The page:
Unleashed dogs ruin our park

I am having an issue with unleashed dogs in the Wissahickon Valley Park. I walk my 30-pound, mixed breed dog on a leash here, but he and I are often terrorized by dogs running off leash. These unleashed dogs run up to us, barking and snarling, with no owner in sight. When the careless owner finally does wander up, and I ask them politely to leash their dog, I usually get an argument.

I am not a fearful person, and I have owned dogs for years. I take my rescued dogs to obedience class and have learned a few things about dog behavior, so I know how to react when they approach us. But these off-leash dogs are diminishing my ability to enjoy the park, and the rule-breaking owners need to be held accountable.

Recently, I was sitting with a friend on a park bench and an unleashed Border Collie-type dog ran up to me barking, put his paws on my lap and snarled an inch from my face. When I asked the owners to please leash their dog, they said, “Oh, he is just saying hello.” This is NOT okay, nor is it “cute.” If I weren’t someone who was experienced with dogs, I may have reacted differently and been bitten. These owners were irresponsible, showing a complete disregard for the rules as well as the feelings of a stranger who may not appreciate their dog leaping up on them. I’m not the only one who feels this way.

Another hiker who had been following them, and overheard our exchange, came up to me and said, “I am glad you said something.” Well, it’s time for more of us to say something.

The Department of Parks and Recreation of the City of Philadelphia rule for dogs throughout the Fairmount Park system states, “All dogs/pets must be on a leash of not more than six (6) feet at all times.” At all times – not when the owner feels like it.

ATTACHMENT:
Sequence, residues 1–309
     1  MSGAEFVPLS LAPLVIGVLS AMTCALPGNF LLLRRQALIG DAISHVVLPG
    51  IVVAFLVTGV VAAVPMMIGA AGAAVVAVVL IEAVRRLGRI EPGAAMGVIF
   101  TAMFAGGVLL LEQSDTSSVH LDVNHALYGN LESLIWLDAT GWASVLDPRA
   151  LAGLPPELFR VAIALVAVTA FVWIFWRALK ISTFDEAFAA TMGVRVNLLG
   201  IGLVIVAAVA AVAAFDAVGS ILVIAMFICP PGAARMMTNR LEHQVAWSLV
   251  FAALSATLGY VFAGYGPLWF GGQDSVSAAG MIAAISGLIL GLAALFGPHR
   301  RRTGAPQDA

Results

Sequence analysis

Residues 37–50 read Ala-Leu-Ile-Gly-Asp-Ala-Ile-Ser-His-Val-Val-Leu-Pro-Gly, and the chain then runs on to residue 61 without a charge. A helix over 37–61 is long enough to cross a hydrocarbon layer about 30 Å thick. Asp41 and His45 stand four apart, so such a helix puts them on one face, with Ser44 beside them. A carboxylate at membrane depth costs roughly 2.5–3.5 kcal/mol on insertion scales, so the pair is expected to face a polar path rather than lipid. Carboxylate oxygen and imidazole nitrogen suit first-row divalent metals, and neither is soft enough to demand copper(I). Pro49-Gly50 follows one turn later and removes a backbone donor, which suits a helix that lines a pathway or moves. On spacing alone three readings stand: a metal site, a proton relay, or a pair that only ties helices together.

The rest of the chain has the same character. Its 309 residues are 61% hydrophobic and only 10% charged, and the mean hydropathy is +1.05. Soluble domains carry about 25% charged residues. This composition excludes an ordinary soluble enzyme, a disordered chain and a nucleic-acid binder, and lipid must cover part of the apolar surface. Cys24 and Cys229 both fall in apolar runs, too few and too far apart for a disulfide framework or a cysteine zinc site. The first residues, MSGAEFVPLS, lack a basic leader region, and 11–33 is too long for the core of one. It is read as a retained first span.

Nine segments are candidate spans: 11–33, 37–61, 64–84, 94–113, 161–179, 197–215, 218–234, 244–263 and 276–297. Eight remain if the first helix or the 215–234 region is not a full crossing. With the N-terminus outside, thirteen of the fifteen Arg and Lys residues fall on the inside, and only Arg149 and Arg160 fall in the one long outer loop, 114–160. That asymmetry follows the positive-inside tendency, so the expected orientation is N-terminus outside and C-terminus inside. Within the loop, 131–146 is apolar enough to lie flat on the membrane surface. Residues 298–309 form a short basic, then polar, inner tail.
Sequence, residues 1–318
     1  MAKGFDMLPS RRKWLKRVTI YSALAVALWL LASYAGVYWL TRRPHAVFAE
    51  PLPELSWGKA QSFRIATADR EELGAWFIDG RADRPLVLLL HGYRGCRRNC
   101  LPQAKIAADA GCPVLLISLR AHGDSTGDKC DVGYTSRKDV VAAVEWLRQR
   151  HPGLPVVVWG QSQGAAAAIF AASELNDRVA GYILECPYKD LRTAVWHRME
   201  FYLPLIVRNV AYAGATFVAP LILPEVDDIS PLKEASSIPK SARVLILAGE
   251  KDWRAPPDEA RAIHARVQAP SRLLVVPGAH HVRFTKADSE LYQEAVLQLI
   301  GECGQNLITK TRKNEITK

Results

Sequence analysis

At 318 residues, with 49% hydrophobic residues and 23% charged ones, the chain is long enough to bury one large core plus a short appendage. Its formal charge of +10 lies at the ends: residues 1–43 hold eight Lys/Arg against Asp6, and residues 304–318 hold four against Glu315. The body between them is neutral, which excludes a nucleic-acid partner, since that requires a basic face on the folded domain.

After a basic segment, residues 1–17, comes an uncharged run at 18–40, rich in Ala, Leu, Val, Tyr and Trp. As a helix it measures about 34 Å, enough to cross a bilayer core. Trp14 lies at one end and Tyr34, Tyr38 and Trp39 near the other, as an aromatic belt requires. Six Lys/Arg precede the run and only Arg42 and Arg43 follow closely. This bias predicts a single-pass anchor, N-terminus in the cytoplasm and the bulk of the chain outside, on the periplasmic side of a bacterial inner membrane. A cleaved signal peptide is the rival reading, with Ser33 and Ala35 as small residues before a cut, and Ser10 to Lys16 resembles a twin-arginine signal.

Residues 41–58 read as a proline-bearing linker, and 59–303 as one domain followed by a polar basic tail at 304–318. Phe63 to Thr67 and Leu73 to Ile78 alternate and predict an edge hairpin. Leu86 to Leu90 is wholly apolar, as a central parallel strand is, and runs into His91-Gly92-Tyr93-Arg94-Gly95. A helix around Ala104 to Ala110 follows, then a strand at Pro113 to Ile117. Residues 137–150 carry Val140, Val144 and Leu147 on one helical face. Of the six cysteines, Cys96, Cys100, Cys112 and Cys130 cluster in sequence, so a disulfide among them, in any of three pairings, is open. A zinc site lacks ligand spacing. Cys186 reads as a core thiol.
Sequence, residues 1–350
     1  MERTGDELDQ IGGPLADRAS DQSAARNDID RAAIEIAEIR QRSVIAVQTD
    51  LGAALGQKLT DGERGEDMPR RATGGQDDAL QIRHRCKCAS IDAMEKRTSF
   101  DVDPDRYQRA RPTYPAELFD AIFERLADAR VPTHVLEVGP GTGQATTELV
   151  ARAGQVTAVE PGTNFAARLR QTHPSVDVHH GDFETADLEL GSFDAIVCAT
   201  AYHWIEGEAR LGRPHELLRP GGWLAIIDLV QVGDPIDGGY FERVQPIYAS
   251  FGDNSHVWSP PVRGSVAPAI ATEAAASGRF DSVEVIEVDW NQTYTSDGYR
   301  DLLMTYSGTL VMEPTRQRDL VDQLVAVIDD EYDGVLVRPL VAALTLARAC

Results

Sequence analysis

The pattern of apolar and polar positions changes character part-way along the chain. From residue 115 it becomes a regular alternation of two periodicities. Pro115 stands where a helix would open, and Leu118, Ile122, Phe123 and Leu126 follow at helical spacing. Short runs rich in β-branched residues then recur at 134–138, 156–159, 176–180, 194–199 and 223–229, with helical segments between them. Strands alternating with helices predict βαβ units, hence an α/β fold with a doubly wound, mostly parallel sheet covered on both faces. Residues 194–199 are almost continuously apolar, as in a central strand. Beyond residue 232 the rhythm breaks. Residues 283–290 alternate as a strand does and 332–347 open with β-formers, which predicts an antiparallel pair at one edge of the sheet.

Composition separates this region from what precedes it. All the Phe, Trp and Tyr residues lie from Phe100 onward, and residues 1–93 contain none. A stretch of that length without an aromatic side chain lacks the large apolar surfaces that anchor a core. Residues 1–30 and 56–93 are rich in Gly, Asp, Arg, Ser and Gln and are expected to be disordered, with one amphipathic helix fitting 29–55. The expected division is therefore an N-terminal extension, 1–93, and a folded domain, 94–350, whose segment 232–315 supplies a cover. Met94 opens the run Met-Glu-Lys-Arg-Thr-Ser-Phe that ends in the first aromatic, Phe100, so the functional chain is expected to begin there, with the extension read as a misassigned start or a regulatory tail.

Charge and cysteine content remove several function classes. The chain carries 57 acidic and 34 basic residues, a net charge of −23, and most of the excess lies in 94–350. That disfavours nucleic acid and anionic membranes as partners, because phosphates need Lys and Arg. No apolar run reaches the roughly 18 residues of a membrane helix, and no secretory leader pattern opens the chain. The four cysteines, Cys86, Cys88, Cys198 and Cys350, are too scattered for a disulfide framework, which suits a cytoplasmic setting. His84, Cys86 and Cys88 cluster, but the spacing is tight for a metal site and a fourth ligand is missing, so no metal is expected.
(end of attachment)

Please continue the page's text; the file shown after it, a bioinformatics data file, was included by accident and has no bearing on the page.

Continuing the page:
Many of my friends who are also inconvenienced by off-leash dogs are afraid to say anything for fear of getting into an argument or even retribution. This is not right. The park is for everyone and no one has the right, through some mistaken sense of entitlement, to think that they are above the law.

Do you have the courage to speak out against dogs off-leash? Now is the time. Nike has a slogan that says, “Just do it.” I propose that all leash-law-abiding park users should have our own slogan: “Just say it: Please leash your dog!”

Be brave. Speak out. Take back our park.


Diane Clapp

Fitting tribute to ‘Queen of the Garden Railway’

Barbara Sherf’s article about Iana Turner, aka “Queen of the Garden Railway,” really captured Iana’s spirit and her energy. As someone who worked with Iana since 2005, her can-do attitude and support of marketing made her a pleasure to work with.

When the marketing department first suggested the idea of a Scarecrow Walk along the Oak Allée in Iana’s section of the garden, she was totally on board and willing to do whatever was necessary to make the new programming idea a success. Iana figured out the best way to mount the scarecrows and participated in every step of getting them into place along the Oak Allée.

It was Iana’s way to go above and beyond her duties as Horticulture Section leader. Her relationship with Applied Imagination, the landscape architects who design our Garden Railway, assured that the exhibit looked great every year, and maintained its allure with new themes and plantings surrounding the tracks and buildings. Still today, after 17 years, the Garden Railway stakes its claim as a major draw for visitors. I am among many others at the Morris Arboretum who will miss Iana!

Susan Crane

Director of Marketing

Morris Arboretum

Sheehan opinion ‘beneath’ Local

This concerns the Local’s printing of Cindy Sheehan’s rant against Chris Kyle, which appeared in her Internet article in “The Soapbox.”

Since there is nothing “local” about Californian Cindy Sheehan, it’s baffling how her hateful tirade wound up in the “LocalLife” section of the Local. Beyond that, one also wonders how Chris’s grieving family would feel upon reading Sheehan’s vile smears about their husband, son, father and brother, an American Navy Seal who gave so much for his country.

Given the Local’s usually “kinder, gentler” viewpoint and the plethora of humanity-driven articles, the gratuitous publication of that cruel hit piece appears to be beneath the dignity of the Local and counter to its standards of fairness.

Sidney Zamochnick